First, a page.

The sexual potency drug has the power to lead a consumer spending spree that could rescue faltering economies
The Nation’s Business
Peter C. Newman
Suddenly, there's the smell of panic in the autumn breeze, the distinct aroma of once-rational investors going goofy as they dump their stocks and abandon their reasonable outlooks. Desperate times require desperate measures. And maybe it will take a strong dose of Viagra to save the world for capitalism. (For details, please keep reading.)
Stripping risk from overexposed portfolios is always a good idea and it’s certainly time for the unprecedented eight-year stock market spree to reach for more realistic values.
But why such panic?
That’s the nature of the beast. During the past few years, we have become slaves to hype and hyperbole. If a typical high-tech company’s
earnings don’t grow by 40 per cent a quarter, it’s toast. Stocks have been overvalued for such a long time that with every hiccup investors panic. When Northern Telecom confirmed it would meet its profit projections but might experience lower revenues, hysterical investors last week wiped more than $9 billion from its market value.
When you expect miracles, reality is bound to disappoint.
History has moved so fast. It’s not quite a decade since the Berlin Wall came down and everything looked possible and cheerful.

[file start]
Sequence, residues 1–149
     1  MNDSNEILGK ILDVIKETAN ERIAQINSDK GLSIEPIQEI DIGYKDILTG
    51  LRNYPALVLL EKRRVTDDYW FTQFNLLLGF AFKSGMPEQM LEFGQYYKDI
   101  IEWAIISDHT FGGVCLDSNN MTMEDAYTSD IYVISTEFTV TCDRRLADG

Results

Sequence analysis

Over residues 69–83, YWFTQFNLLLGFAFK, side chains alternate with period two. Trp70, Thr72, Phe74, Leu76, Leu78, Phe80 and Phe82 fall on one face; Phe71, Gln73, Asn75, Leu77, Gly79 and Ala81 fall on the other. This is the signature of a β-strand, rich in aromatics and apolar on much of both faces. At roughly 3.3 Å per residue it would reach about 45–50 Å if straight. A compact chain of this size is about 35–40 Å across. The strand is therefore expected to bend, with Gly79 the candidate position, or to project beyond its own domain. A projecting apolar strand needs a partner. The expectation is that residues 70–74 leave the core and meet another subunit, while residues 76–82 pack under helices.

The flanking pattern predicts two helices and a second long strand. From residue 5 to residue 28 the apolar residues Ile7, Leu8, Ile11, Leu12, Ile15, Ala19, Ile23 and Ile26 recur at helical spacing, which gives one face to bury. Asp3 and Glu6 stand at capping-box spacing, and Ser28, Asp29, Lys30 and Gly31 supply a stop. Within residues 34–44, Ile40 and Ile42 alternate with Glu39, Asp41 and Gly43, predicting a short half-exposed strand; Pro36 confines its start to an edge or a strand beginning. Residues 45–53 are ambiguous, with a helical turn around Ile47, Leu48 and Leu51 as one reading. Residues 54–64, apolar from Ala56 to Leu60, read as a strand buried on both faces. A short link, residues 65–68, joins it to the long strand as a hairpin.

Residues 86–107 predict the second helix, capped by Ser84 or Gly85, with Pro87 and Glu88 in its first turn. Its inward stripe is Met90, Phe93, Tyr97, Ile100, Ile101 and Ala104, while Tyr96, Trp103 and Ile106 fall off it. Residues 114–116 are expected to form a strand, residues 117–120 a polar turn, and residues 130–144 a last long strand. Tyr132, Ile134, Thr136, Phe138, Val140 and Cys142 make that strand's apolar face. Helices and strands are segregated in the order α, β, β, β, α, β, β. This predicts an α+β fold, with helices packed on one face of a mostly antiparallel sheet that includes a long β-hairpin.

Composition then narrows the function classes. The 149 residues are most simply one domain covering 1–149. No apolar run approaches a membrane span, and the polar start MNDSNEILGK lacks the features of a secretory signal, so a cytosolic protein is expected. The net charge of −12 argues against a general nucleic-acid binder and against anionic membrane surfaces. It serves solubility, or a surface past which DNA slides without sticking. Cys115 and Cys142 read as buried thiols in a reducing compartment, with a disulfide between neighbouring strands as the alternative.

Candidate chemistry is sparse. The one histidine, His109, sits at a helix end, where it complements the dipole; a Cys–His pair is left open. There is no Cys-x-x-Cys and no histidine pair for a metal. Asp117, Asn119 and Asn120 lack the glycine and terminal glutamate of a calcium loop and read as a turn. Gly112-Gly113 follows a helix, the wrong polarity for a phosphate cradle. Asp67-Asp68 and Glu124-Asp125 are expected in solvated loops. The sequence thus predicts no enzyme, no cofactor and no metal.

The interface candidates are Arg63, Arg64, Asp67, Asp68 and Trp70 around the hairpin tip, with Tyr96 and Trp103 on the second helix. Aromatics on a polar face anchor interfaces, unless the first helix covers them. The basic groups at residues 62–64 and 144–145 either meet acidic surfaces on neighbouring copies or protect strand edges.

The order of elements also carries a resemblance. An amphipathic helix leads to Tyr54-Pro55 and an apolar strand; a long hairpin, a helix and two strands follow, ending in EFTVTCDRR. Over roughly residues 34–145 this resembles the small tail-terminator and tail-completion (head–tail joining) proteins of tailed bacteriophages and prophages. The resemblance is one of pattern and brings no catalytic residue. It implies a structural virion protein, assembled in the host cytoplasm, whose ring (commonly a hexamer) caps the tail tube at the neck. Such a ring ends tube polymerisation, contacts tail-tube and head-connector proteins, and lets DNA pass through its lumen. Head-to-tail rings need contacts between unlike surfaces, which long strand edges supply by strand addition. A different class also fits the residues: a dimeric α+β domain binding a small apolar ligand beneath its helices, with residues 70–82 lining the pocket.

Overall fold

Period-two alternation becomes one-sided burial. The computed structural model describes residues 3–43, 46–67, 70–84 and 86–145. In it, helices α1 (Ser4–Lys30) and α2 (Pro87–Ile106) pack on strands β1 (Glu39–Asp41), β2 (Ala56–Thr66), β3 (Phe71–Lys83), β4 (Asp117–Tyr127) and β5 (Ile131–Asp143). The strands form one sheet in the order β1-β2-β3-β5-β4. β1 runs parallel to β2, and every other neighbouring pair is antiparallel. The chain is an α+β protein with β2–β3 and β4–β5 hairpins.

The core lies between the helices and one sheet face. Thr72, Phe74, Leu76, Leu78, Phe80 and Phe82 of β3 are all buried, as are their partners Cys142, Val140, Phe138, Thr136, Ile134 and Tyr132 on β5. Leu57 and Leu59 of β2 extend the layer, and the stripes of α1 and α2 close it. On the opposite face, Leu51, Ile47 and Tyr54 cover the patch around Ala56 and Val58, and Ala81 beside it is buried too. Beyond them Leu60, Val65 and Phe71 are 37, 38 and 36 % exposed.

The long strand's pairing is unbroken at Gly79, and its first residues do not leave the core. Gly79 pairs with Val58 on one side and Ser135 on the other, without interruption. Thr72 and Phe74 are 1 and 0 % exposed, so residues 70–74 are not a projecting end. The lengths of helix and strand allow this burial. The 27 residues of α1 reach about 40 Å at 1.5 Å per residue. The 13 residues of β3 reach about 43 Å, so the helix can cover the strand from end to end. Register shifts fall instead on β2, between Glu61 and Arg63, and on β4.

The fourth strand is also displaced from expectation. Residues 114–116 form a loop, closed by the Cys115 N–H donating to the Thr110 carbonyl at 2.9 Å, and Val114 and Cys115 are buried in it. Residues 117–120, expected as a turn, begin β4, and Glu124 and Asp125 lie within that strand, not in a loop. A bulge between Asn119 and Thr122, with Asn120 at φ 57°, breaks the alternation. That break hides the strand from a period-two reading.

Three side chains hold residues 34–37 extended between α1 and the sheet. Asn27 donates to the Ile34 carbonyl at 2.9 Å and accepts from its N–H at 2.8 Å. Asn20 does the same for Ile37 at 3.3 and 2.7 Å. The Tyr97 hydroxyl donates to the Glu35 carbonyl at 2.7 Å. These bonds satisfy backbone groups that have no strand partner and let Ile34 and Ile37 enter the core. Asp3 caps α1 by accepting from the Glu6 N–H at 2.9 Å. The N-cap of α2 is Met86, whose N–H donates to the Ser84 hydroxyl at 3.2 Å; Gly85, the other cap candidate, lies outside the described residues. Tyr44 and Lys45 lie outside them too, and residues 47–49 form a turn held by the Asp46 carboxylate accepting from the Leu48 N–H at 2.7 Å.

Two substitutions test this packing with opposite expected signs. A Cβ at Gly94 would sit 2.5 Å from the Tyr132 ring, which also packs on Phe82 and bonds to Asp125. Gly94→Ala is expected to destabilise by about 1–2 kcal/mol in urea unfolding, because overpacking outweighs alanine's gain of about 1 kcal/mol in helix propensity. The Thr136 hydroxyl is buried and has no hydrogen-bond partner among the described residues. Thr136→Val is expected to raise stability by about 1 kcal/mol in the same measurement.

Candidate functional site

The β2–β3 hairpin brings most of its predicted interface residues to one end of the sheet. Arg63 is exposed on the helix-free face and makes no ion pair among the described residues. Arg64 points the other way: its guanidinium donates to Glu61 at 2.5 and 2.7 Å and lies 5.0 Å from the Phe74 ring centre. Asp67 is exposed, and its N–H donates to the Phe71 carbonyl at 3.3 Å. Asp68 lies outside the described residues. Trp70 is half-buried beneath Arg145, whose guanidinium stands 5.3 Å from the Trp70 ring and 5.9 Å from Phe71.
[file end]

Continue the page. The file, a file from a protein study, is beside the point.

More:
Among the most popular predictions then (including some made in this column) was that the 21st century would be the Age of the Dragons—that Asia would lead the world economies into a new age of plenty. Praise for the concept of the global village was heard everywhere, for the barriers it would eliminate and the shared prosperity it would bestow on earth’s far meadows.
Instead, the world seems to have imploded, and globalization turned out to mean nothing more complicated or beneficial than the feeling we’re all in the same boat.
What’s essential now is to keep one’s nerve and decide whether we’re facing the collapse of the world as we know it, or one of those nasty dips that inevitably follow economic peaks. So far, the evidence strongly points to the latter. We most decidedly are not in an economic endgame bound to climax in another Depression. Times will get tougher, but providing the Americans don’t respond to their growing trade deficit by becoming protectionist, most economies will recover, probably in time to celebrate the millennium, only 15 months from now. (Ends of centuries energize investors; the idea of a new start gives everybody hope; consumers will start spending again, and most economies will turn.)
Still, some bold reforms are essential. While Russia’s plight is brutal, its economy remains too insignificant to worry anyone outside its immediate orbit. That’s not true of Japan. That country’s weary politicians will have to face the uncomfortable reality that the status